In our study, when they needed to talk about their experiences, the majority of both medical and nursing students talked to their peers. Some students had supervisors that they could turn to for support; others were left alone to handle their experiences. The overall picture that our findings point to is that it is important for students to have people that they can confide in when they experience something out of the ordinary. Trust and confidence were described as important when the students talked about their emotional experiences. Also, it seems that the support should be timely, i.e., the same day or the days after. Talking to others made students realise that they were not alone in feeling this way, which was a confirmation and a relief. It seems that students needed to understand what had happened during the entire situation, i.e. medically and why certain treatments were chosen. That made it easier to deal with the experience of confronting illness and death as well as dilemmas regarding patient treatment. The following quote is an example of a narrative where a student talked to and received support from a supervisor.

“I was in the maternity clinic [...] and had a resident physician as a supervisor. We received information that a woman was seeking urgent care for decreasing foetal movements. We went in to see her and her husband and perform an ultrasound. The baby had died in the uterus. It became very chaotic in the room when the woman reacted very strongly. It was particularly difficult since the woman only knew a little Swedish and there was no interpreter there. So, her sad and shocked husband had to act as an interpreter. I was deeply affected and sad and wished that I could go away. […] I talked briefly to my supervisor afterward, mainly from a medical point of view, but we also talked about how it was a difficult situation and what it is like to break such bad news. […] I often think about that woman, and how unfair it all felt.” (57, medical student, final year)

In situations where the clinical supervisor or other healthcare professionals that students meet during clinical practice acted unprofessionally, it seemed more common to talk to peers or family members than to other healthcare professionals on the clinical placement. However, some students did not talk to anyone about what they experienced. The quote below describes a situation where a student experienced unprofessional behaviour from healthcare professionals and how that affected her.

 “I was on the oncology ward where I felt that the patients’ feelings and mood were being ignored and (they) only dealt with the physical (aspects). Everyone (on the staff) was too busy to see the patients. For me, as an outsider, the whole atmosphere was quite exhausting and affected my state of mind. […] I dealt with the whole situation by talking to my partner and friends. The difficult part was not the patients, but the reluctance among the healthcare professionals to meet the patients’ emotional needs – they didn’t have time or energy to be empathic.” (3, nursing student, final year)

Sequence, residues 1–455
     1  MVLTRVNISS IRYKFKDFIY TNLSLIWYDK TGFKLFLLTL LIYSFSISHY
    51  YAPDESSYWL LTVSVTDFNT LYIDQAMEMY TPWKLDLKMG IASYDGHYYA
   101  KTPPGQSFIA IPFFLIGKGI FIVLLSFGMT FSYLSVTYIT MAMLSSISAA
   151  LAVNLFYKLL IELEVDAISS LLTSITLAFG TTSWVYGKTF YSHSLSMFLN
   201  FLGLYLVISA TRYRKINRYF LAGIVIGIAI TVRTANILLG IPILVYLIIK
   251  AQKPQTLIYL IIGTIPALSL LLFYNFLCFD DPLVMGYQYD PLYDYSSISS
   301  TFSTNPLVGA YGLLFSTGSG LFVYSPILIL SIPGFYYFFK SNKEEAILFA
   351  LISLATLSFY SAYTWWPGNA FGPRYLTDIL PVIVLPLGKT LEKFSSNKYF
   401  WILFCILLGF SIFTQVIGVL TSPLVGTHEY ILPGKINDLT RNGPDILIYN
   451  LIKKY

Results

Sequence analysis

In addition to talking to other people, students got used to the situations that caused emotional unpleasantness and in time felt more secure in their own ability to deal with these kinds of situations. The students mentioned that “it is much easier now than in the beginning”. Also, feeling more secure seemed to be related to students learning to trust that they had done all they could in these situations.

“I think that, when you have seen a few [palliative] patients, and you have talked about that, then it is like: ’OK, now I know what to do’, and I feel more confident because it is similar with all palliative care patients. Caregiving is the most important. […] So, it is more that you find your confidence in the situation.” (Nursing student, final year, interview)

“One strategy has been to […] not to protect myself from it (difficult emotions), and not just to think: ‘No, this is too difficult and unpleasant, I’ll turn away from that’, but actually do the opposite. […] I think it is about seeing (these situations) several times, talking to patients about how they are feeling. […] I don’t know if it is a habit or if you get detached or if you get used to it, but you… just become more professional.” (Medical student, final year, interview)

The quotes above illustrate that the process of getting used to emotionally challenging situations seemed to happen without students knowing precisely how, but students learned what to expect, and this seemed to help them manage the situation and their own emotions.

Our findings suggest that there is a variety of situations that students find emotionally challenging, in pre-clinical and, for the most part, in clinical environments. Some of the narratives concerned situations that are part of the formal curriculum, i.e., confronting illness and death, dilemmas regarding treatment, and close contact with various aspects of human life and patients’ life histories. Other narratives focused on issues that concerned the informal or hidden curriculum, such as various unprofessional behaviours by healthcare professionals. Moreover, medical and nursing students’ experiences were similar, despite their different educational programmes (with different focus, knowledge, and aims) and the circumstances of their clinical placements.